Decisionmaking procedures—the formal structure through which decisions are taken and a final outcome is reached—are a key factor in the design of negotiations. Decisionmaking procedures can negate the benefits of inclusion by sidelining included actors or marginalizing their contributions. For example, in almost all of the National Dialogues studied in the Broadening Participation project, despite widespread consultation with all groups, ultimate decisionmaking power rested with a small group of already powerful actors. The Yemeni NDC was unusual in this respect, in that decisionmaking was both based on consensus and binding. In terms of decisionmaking, the NDC was divided into nine Working Groups (WGs). While each WG could organize its own agenda and conduct of discussions, decisionmaking was to be by NDC “consensus” defined, in the first round, as no more than 10 percent of delegates objecting, and, should there be need for a second round, by a vote of 75 percent in favor. Seventy-five percent of the members of the “the Southern Issue” working group were “southerners,” 50 percent of whom were from the Southern Hiraq constituency—an effort aimed at ensuring that southerners concurred with any decision specifically affecting their status and situation.

Another important process factor identified by the Broadening Participation project was the presence of support structures for included actors. The Political Development Forum, a small Yemeni NGO, set up a joint “1.5 track”10 forum, entitled the “National Dialogue Support Program,” together with the Berghof Foundation, in order to facilitate dialogue between stakeholders after the signing of the GCC Initiative Agreement. Their National Dialogue Support Program can be considered track 1.5, as it enjoyed high-level participation, including several former Yemeni Prime Ministers. Moreover, it set up various local dialogue networks, which were later utilized by the NDC working groups for regional public meetings.

Considering these factors, the Yemeni NDC seemed well set up to allow included actors to have substantial influence. Indeed, women, youth, and civil society constituencies, had they operated as cohesive blocs, would have had veto power over the consensus position for each of the WGs, except for the WG on the Southern Issue. This is an unusually high degree of influence to be given to such constituencies, as compared to other National Dialogues. The Broadening Participation project, through researching 22 cases, found that National Dialogues often struggle to make the transition from consultations and recommendations to concrete policy action because of a lack of clear decisionmaking procedures. This allows already powerful elites to simply ignore the outcomes of National Dialogues, or undermine them in the implementation stage.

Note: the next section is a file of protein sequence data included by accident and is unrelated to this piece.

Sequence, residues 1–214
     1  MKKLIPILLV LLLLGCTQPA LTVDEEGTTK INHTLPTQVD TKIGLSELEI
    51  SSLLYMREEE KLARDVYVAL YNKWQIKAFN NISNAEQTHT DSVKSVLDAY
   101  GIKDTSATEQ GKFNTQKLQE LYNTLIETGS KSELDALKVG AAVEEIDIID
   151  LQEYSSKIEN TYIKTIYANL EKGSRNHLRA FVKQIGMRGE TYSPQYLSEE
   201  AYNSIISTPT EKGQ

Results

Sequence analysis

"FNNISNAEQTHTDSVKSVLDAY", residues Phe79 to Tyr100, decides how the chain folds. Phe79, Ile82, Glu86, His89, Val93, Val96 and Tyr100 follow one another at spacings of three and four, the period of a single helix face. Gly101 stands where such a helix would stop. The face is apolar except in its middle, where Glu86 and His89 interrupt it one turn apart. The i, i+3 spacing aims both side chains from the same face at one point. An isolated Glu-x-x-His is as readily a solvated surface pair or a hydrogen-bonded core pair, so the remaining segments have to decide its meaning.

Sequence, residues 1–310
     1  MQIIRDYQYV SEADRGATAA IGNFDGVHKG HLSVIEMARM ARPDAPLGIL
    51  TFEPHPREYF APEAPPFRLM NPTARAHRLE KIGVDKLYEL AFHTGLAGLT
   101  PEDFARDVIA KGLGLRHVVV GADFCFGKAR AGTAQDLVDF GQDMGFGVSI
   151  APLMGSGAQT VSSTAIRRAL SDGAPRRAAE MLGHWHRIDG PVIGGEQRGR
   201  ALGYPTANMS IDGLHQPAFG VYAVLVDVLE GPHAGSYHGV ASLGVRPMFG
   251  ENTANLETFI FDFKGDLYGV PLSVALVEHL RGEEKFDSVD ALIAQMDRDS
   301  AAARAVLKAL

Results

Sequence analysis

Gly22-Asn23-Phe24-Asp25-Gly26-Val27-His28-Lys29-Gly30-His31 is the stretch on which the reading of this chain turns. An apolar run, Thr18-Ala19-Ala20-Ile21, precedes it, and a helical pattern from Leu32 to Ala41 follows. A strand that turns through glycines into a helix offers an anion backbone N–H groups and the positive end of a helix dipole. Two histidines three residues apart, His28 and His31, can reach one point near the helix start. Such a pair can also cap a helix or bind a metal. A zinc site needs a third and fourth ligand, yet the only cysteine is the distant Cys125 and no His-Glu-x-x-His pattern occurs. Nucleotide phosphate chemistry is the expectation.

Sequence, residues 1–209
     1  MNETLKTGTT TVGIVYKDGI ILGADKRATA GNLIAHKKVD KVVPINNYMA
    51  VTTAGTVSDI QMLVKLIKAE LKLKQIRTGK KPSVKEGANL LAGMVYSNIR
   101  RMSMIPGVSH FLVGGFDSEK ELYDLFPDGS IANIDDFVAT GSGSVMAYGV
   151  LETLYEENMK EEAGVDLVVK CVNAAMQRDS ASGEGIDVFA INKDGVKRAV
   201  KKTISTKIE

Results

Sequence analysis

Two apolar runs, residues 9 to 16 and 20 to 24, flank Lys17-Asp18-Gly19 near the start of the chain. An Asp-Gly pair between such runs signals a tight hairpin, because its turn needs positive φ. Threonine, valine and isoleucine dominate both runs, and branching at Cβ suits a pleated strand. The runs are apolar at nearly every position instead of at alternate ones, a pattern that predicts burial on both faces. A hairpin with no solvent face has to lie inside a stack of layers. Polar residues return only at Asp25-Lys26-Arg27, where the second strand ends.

The NDC was brought to a close on January 21, 2014. Hadi’s decision to close the dialogue occurred in the context of a longer than expected dialogue process and the assassination of Ahmed Sharaf al-Din, a law professor and member of the Houthi delegation, on the final day of the conference, prompting the withdrawal of Houthi delegates. The Yemeni NDC’s recommendations, which numbered over 1,800, included a variety of inclusive policies. While some have criticized the vision of a federal structure in which the South only received two states to the North’s four, this was nevertheless a landmark achievement of power-sharing in the region and in Yemen. The commitment to equal North/South representation in the parliament and the military was also an important inclusive policy. In addition, women and other delegates in favor of a gender quota in the Yemeni government were able to secure the endorsement of a recommendation in the NDC Outcome Document that at least 30 percent of those serving in all levels of government be women.

The recommendations of the NDC were then submitted to the Constitutional Drafting Committee (CDC), which was smaller and less inclusive than the NDC. Hadi allocated the 17 seats in the committee personally, and most seats went to representatives of Islah and the GPC parties, while the Houthis were excluded. Prior to the CDC, Hadi convened a small committee to settle the issue of the federal structure of the Yemeni state. This became a subject of extensive debate and dispute in the Southern Working Group and resulted in the establishment of a 16-person North-South committee (also known as the 8+8) to resolve the deadlock.11 The North-South committee was also unable to resolve the dispute about the structure of a federal Yemeni state; however, it was able to secure an in-principle commitment to federalism. The federal structure subsequently proposed by Hadi’s specially convened committee did not grant the Houthis’ political strongholds in the Governorates of Amran, Sa’ada, and Dhamar, access to Yemen’s oil and gas resources, or access to the sea.12 The Houthis perceived this as yet another move to marginalize them; they responded with an insurgency against the central government and seized the capital of Sana’a in September of 2014.

As of late 2015, Yemen is divided between multiple claimants to executive authority: the Houthis, who currently occupy the capital Sana’a, a coalition made up of the exiled Hadi government, as well as a variety of international backers including Saudi Arabia, the United Arab Emirates, and Egypt. The Houthi forces are supported by Iran and are currently allied with militia groups loyal to former president Saleh. The conflict between these factions has already claimed nearly 6,000 lives and caused a humanitarian crisis in Southern Yemen. Peace talks between the two sides may soon take place in Geneva, accompanied by a ceasefire.